National brain tumour research funding needs to increase to £35 million a year
Brain tumours share common tricks to survive
According to a new study carried out by the Cancer Research UK funded Cambridge Institute, different types of brain tumours may use strikingly similar approaches to generate and use specific sources energy to survive in the brain.
Using samples from almost 400 patients in order to analyse different tumour types, the results suggest that brain tumours adapt their chemical reactions in very similar ways in order to develop within the brain, despite having originated from very different types of cells and individual brain regions.
Professor John Griffiths, co-lead researcher based at the Cancer Research UK Cambridge Institute, said: “The revelation that different types of brain tumours appear to be using similar tricks to survive was startling. The next step is to try and understand how these seemingly very different tumour types are able to adapt their energy production to grow. In the future, it might mean that we could develop drugs that specifically damage these survival mechanisms.”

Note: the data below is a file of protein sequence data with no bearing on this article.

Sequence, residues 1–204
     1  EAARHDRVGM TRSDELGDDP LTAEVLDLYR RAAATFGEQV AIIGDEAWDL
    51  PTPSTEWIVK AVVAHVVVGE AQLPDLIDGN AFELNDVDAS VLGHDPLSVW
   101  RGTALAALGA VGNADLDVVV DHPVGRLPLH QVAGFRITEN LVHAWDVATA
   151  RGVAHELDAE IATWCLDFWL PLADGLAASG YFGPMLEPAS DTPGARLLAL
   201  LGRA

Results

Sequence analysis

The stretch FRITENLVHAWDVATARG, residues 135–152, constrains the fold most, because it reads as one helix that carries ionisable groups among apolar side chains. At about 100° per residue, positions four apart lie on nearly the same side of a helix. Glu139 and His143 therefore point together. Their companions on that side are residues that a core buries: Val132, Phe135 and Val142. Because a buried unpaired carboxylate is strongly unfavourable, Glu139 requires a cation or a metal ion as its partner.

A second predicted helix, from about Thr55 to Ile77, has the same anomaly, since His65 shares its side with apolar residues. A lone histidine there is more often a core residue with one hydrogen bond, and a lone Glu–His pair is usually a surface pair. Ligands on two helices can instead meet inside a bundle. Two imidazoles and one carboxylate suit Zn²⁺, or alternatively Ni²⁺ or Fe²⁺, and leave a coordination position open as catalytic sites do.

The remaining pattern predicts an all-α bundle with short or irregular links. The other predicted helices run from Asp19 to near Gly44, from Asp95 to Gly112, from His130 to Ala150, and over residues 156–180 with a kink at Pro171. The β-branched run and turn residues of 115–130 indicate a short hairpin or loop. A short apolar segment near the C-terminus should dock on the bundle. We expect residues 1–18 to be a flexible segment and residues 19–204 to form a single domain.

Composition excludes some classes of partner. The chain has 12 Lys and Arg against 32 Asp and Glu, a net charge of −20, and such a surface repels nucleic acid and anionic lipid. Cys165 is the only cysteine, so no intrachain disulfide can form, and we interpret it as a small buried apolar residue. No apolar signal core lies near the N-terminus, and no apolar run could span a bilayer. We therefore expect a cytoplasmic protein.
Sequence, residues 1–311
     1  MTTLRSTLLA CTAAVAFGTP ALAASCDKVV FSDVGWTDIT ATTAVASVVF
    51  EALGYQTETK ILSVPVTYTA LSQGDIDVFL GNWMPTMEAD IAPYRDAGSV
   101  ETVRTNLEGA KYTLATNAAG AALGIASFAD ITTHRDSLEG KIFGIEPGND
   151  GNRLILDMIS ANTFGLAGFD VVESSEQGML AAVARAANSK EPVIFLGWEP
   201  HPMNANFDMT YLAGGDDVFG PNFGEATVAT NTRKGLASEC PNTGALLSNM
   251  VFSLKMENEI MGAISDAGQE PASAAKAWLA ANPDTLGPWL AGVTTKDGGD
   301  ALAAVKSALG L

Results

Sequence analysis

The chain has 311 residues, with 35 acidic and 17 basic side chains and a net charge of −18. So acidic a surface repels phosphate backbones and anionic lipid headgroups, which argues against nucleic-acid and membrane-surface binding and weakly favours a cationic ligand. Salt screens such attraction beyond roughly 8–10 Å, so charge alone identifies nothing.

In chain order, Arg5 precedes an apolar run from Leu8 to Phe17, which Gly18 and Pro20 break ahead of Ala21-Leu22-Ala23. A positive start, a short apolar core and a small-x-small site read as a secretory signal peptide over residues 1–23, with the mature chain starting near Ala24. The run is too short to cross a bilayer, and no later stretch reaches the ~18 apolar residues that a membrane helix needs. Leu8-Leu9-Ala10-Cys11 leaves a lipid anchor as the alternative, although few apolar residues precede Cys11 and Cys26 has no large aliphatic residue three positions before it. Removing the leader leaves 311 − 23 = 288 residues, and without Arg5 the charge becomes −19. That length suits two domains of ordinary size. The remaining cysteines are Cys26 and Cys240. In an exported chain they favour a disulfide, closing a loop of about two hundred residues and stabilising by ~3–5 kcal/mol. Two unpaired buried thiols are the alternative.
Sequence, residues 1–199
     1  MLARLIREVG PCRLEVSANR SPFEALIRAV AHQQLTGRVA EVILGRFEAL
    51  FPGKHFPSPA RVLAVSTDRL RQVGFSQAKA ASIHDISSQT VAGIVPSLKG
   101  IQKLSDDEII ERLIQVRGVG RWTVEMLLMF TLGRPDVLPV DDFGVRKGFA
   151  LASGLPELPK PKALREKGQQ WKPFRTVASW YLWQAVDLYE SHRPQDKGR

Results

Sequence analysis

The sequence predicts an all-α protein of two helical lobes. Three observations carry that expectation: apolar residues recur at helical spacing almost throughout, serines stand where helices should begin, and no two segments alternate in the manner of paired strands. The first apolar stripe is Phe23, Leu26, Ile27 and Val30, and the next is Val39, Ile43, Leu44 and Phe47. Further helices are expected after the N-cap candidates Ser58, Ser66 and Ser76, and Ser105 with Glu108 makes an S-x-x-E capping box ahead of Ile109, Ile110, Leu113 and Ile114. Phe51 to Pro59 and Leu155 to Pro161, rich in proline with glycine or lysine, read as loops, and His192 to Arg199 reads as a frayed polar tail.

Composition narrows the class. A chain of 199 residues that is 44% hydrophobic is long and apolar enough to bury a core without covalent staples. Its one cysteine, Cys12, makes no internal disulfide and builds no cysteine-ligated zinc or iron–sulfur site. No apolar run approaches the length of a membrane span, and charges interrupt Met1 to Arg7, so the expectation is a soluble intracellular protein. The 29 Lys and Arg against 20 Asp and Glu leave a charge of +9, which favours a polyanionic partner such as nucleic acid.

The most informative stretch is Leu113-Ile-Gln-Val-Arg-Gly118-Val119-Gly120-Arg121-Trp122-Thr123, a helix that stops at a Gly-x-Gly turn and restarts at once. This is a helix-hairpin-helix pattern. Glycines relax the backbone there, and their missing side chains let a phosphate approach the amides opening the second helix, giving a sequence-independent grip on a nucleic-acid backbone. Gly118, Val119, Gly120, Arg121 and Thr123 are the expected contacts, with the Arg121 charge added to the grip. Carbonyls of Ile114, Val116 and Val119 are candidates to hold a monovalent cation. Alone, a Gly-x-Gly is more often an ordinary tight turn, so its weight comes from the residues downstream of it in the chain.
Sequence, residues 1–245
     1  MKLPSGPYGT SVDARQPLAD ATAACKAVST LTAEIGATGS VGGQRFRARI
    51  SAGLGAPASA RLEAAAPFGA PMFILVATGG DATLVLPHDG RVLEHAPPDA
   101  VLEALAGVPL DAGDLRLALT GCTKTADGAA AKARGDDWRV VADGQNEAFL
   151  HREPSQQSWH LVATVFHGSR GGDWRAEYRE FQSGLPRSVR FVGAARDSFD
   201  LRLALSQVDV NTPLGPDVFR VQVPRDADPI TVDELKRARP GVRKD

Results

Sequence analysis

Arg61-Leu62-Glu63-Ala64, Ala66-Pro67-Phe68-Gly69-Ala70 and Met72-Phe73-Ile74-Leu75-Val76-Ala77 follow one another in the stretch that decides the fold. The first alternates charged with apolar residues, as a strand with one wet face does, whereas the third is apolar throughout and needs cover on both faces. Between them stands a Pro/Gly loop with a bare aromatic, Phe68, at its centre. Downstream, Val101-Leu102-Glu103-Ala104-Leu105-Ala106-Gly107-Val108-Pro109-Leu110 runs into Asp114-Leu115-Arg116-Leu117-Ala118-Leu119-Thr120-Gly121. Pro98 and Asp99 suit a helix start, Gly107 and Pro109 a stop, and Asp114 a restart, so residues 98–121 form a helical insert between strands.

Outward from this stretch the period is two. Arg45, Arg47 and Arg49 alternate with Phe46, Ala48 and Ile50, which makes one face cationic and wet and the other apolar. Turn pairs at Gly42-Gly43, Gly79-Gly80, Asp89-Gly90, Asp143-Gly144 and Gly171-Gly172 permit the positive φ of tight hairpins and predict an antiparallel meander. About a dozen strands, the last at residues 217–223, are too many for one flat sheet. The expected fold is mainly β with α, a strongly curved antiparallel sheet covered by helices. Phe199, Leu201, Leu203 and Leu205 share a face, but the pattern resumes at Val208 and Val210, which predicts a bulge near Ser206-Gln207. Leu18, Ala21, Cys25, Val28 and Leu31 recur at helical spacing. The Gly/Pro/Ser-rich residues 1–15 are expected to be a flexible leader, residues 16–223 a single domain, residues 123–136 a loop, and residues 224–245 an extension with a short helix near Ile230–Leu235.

Scientists in our Research Centre of Excellence at the University of Portsmouth have established a research programme examining the changes that occur in the mitochondria in tumour cells within the brain. These are the “batteries” which provide the energy for the tumour cells to grow and divide. The results from their studies complement those from the Cambridge Institute.
The implications of the study are also relevant to research carried out at our Imperial Centre of Excellence, which focuses on the ketogenic diet (KD). It is known that brain tumour cells need high glucose levels to survive. The diet decreases the availability of glucose for the cells and therefore potentially decreases their energy levels which may result in diminished growth. The KD is a high-fat, low-carbohydrate diet and has been used in the clinic for the treatment of refractory paediatric epilepsy. The KD has been shown to have a beneficial effect on pre-clinical models of GBM including enhancing the effects of radiation and chemotherapies.